Neal Hart
(04/07/1870 - 04/02/1949)

Neal Hart was a former cowpuncher, stage driver, city marshal, and member of the famous Miller 101 Wild West Show crew, Neal Hart entered films as an American action lead in 1916.

Neal made himself indispensable to the sprawling Universal company as an assistant to director George Marshall, by writing scenarios, and eventually by starring in a steady stream of low-budget Westerns, all the while increasing his salary from five dollars a day to a reported 500 dollars a week.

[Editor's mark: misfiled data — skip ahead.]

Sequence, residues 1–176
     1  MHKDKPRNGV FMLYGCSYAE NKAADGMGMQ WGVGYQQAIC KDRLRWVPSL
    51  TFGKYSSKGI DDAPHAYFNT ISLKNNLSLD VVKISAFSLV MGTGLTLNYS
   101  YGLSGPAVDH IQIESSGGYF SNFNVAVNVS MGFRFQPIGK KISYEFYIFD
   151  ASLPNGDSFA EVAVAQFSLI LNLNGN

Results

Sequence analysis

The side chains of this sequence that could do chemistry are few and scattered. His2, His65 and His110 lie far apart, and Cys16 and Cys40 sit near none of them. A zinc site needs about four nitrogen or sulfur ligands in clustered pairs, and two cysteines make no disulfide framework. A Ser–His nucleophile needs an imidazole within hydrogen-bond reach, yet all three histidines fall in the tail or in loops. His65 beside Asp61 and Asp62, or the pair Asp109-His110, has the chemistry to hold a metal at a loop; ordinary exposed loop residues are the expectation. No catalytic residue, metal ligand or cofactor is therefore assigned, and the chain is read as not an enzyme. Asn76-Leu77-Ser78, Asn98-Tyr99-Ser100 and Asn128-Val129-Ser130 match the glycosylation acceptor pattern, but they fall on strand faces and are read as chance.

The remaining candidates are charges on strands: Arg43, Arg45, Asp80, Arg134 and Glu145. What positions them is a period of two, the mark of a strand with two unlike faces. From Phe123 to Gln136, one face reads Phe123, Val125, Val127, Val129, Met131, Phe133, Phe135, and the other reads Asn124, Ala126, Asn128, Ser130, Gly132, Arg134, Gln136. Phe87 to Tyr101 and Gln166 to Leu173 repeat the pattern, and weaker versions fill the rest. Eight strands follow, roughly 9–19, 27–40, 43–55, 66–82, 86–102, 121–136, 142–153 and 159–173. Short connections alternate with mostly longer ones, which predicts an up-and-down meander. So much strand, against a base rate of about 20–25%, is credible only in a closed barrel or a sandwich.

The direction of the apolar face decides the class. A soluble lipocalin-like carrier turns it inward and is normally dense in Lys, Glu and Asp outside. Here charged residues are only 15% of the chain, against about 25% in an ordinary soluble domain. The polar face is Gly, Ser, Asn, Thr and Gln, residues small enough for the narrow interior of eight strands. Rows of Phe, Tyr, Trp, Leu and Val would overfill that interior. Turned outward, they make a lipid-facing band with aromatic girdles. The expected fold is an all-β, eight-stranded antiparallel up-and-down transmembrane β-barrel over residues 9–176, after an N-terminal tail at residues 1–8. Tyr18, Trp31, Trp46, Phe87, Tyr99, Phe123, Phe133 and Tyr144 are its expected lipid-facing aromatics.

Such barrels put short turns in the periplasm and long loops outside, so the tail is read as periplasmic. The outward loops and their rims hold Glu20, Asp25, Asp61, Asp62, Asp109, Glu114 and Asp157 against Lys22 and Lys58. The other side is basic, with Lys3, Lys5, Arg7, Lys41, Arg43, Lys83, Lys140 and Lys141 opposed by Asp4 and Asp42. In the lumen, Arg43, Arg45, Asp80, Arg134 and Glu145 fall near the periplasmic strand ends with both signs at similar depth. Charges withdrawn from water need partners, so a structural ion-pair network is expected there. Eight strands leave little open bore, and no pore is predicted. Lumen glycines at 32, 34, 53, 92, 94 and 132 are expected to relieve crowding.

Leaving Univeral in 1920, Hart made a series of pictures for Poverty Row company Pinnacle before embarking on a long association with low-budget entrepreneur William Steiner. Hart produced, wrote, and starred in scores of Western programmers throughout the decade but, like most Gower Gulch mavericks, he was to find the advent of talkies a tough challenge. No longer a star, Neal Hart nevertheless gamely went on appearing in B-Westerns until 1949.

He appeared in 125 films between 1916 and 1949. He also directed 23 films between 1919 and 1928.

Available Films

Get Your Man (1920) (short subject)